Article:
So much of our attention on the real-time web focuses on consumption — the notion that we want more information, faster. This was indeed the focus of our discussions at GigaOm’s “What Comes Next” session earlier this week (see my notes).
But then we all complain about information overload and continuous partial attention. At the very same Bunker session, alpha geeks complained of the Facebook and Twitter overload problem.
I’ve become convinced the real reason people love the real-time web isn’t for the glut of information it produces, but instead because it makes publishing more fun and enjoyable.
It’s all about the near-instant gratification from an “@” reply, or retweet, or a “like” on Facebook. Publishers (and by publishers I mean people who blog, Tweet, foursquare, etc) love this.
Blogging provided some of this in much earlier days, when it was a means of expression for a much smaller, insular, alpha-geek community — but with a much higher degree of latency. You might write a blog post and get a comment, or trackback, several hours (or days) later. But this kind of gratification fades over time — in part because so much of what we publish is so perishable — so services like Facebook and Twitter which provide more immediate feedback loops have come to dominate.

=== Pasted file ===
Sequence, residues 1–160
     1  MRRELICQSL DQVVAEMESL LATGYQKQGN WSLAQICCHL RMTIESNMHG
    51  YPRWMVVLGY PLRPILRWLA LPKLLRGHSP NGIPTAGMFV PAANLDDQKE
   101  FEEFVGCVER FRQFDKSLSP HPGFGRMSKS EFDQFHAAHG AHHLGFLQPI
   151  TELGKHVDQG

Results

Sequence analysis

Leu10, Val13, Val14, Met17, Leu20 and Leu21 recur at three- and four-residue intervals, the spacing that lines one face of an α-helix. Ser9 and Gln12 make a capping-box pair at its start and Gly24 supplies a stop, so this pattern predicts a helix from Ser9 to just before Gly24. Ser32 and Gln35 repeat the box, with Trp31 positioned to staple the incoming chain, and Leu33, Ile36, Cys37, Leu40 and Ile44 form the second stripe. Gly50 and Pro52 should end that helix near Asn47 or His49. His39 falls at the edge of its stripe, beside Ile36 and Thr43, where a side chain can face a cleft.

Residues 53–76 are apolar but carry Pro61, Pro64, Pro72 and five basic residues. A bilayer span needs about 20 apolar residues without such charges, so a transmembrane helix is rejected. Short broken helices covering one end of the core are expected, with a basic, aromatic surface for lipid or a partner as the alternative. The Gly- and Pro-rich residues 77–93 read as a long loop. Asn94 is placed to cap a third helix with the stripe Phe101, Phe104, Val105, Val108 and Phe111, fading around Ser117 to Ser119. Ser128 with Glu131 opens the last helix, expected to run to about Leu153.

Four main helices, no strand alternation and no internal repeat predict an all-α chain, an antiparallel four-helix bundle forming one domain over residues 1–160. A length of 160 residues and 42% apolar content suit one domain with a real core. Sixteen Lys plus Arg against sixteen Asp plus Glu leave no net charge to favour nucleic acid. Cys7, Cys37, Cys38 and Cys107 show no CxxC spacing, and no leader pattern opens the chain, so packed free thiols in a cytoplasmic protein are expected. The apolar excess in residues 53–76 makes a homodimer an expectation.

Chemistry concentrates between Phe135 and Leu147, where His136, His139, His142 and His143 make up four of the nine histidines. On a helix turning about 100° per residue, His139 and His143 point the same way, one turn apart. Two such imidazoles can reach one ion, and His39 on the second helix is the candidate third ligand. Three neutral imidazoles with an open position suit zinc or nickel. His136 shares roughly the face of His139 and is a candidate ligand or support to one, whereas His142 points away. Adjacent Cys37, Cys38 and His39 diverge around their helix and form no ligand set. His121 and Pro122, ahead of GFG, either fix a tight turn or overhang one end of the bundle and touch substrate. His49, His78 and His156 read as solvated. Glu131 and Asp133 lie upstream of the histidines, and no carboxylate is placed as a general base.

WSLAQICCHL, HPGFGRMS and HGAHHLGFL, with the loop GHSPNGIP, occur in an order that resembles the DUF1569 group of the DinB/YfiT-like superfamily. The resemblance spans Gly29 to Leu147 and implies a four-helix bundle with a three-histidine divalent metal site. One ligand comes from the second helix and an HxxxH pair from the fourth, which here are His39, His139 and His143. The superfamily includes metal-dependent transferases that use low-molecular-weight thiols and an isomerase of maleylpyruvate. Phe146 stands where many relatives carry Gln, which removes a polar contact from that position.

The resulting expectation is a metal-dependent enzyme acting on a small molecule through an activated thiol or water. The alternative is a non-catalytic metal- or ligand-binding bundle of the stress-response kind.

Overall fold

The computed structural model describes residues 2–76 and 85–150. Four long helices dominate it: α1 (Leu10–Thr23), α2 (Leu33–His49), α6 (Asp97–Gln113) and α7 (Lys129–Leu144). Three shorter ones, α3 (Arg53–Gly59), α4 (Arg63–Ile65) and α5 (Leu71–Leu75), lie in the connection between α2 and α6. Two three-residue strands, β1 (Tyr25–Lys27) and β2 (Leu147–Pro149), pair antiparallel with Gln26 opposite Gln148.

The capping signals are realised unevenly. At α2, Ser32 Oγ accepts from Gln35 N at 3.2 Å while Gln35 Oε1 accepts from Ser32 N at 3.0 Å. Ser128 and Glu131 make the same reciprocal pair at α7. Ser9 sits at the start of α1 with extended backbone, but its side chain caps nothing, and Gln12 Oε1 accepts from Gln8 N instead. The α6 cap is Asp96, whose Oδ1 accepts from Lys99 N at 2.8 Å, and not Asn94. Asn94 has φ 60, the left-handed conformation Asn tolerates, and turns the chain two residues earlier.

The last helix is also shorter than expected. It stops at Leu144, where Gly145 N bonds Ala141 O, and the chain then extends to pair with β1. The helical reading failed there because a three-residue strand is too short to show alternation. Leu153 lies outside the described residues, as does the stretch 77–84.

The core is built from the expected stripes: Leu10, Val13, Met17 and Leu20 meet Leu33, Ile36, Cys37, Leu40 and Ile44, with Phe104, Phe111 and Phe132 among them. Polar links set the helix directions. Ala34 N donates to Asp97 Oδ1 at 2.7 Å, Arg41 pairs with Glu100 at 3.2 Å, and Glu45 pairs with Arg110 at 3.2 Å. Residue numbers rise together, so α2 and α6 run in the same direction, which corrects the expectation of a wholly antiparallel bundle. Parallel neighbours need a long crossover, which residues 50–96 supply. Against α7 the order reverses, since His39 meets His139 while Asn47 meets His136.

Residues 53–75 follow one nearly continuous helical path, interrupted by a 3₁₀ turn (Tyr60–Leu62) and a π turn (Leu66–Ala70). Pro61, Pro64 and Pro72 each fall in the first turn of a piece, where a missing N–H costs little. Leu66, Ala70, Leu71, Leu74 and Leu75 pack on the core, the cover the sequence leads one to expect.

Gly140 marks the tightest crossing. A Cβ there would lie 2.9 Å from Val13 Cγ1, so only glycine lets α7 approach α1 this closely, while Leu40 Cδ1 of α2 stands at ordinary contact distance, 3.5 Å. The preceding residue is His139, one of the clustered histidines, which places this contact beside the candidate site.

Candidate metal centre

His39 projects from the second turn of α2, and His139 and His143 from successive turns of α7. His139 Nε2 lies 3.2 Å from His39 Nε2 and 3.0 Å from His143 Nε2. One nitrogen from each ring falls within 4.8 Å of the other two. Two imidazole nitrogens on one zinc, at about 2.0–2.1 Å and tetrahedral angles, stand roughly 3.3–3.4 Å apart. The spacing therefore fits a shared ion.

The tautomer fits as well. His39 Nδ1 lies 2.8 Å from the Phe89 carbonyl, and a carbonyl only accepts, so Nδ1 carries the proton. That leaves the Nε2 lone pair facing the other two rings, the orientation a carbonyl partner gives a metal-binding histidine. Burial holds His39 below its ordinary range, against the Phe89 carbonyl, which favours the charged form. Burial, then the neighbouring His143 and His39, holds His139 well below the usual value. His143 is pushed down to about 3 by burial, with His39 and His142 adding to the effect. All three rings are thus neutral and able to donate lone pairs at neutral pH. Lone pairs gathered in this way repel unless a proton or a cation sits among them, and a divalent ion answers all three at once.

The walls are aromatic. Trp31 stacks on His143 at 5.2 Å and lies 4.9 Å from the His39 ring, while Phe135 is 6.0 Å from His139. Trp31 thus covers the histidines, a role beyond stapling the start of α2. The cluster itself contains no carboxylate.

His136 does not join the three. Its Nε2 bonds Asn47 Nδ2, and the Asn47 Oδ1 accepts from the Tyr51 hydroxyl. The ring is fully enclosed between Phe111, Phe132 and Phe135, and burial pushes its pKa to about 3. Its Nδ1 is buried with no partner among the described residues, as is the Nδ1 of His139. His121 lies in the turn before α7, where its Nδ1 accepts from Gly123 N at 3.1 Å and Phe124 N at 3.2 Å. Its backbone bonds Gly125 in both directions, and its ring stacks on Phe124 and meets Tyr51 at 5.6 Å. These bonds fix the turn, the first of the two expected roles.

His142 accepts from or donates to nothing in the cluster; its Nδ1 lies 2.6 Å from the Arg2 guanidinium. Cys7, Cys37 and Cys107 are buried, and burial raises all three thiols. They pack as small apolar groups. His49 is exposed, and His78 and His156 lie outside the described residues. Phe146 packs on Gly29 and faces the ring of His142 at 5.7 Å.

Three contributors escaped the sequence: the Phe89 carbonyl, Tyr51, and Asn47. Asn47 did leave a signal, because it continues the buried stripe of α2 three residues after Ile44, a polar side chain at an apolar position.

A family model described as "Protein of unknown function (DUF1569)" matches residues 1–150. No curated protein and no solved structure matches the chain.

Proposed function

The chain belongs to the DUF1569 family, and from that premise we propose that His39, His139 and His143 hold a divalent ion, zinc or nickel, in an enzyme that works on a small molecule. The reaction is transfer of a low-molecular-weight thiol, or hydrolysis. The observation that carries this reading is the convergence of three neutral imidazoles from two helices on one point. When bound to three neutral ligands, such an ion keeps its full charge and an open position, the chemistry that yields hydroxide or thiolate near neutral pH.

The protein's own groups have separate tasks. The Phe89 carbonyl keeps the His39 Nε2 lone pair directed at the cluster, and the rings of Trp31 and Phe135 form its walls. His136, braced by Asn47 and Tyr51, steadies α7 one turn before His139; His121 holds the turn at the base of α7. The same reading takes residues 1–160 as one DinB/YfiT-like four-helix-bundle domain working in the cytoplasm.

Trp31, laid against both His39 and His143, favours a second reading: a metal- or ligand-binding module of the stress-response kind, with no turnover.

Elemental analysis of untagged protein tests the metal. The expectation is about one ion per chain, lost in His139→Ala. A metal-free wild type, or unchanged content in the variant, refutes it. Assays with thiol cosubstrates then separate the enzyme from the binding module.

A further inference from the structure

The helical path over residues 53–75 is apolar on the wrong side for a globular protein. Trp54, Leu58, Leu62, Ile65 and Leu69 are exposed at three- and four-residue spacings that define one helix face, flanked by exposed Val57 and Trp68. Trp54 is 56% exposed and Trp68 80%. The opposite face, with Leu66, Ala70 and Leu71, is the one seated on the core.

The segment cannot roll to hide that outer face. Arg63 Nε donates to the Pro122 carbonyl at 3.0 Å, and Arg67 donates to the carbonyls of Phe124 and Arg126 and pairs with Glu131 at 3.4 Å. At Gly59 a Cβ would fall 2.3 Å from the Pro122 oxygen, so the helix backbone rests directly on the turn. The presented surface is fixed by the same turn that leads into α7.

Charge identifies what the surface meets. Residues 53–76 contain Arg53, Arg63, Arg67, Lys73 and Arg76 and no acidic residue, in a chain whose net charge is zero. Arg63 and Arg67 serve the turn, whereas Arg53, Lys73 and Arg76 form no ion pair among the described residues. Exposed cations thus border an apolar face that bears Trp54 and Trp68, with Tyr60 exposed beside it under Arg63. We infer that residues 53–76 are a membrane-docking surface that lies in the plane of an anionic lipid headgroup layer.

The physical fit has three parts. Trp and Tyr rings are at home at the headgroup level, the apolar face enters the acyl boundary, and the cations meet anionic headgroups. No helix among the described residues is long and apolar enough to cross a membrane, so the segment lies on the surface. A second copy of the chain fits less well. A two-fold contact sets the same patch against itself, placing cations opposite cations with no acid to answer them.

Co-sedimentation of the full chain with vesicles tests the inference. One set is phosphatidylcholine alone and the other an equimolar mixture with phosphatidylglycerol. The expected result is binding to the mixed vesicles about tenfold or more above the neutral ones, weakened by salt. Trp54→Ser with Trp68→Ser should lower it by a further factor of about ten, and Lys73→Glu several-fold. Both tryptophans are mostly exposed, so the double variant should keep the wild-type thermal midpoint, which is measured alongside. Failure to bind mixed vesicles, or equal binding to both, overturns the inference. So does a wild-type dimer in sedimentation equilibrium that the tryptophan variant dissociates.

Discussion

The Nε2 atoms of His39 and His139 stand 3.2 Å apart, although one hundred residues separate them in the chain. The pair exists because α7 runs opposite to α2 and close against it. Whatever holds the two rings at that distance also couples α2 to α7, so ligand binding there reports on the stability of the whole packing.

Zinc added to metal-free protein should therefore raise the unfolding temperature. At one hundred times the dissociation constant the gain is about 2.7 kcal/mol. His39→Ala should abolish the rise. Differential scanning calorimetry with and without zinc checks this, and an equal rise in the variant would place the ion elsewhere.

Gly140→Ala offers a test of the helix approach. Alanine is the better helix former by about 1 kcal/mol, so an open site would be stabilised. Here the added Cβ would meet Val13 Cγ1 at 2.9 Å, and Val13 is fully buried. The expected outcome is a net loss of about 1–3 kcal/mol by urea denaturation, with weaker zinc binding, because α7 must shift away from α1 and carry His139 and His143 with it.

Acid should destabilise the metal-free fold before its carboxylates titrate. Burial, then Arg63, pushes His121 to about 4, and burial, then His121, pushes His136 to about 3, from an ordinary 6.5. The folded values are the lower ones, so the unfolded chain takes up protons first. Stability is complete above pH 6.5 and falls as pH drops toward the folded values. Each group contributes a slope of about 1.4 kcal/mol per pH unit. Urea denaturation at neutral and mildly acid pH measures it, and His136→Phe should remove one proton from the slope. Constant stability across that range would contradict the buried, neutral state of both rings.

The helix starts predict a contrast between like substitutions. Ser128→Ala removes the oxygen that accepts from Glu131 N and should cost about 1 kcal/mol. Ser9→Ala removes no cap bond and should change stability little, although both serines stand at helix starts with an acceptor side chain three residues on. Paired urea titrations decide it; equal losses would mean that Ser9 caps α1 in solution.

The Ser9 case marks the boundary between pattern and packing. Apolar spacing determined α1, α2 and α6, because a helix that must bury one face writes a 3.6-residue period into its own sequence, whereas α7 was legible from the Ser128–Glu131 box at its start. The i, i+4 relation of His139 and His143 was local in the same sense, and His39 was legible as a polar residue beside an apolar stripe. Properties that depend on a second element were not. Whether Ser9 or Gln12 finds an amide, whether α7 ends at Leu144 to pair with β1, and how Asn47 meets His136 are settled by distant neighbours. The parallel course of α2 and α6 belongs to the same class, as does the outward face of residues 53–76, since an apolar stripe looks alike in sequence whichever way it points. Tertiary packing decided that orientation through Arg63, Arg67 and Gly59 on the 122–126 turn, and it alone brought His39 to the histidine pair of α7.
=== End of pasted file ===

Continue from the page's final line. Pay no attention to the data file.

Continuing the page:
The response rate doesn’t have to be high, or targeted, with real-time. It has to be timely. Three or four immediate replies or retweets are ample reward — one can feel heard, listened to, a part of something bigger.
The fact that it’s all about the publishing, and not the consumption, is readily apparent to anyone who digs deeper into Twitter stats. Look at the average click-through rate of a link passed through Twitter by an A-list Twitterer, and you’ll be shocked how low it is. Folks with a million followers are lucky to get a couple of hundred, maybe a couple thousand, people clicking on a link.
All of which is to say: if I were an investor, I’d stay away from companies focused on creating the best possible way to consume “real-time” information. The truth is, other than stockbrokers and traders and people in the news business, most of us don’t really have a need for that. But, there is probably lots of money to be made still from services that use real-time feedback loops to get people to participate, publish, and contribute to a service or platform.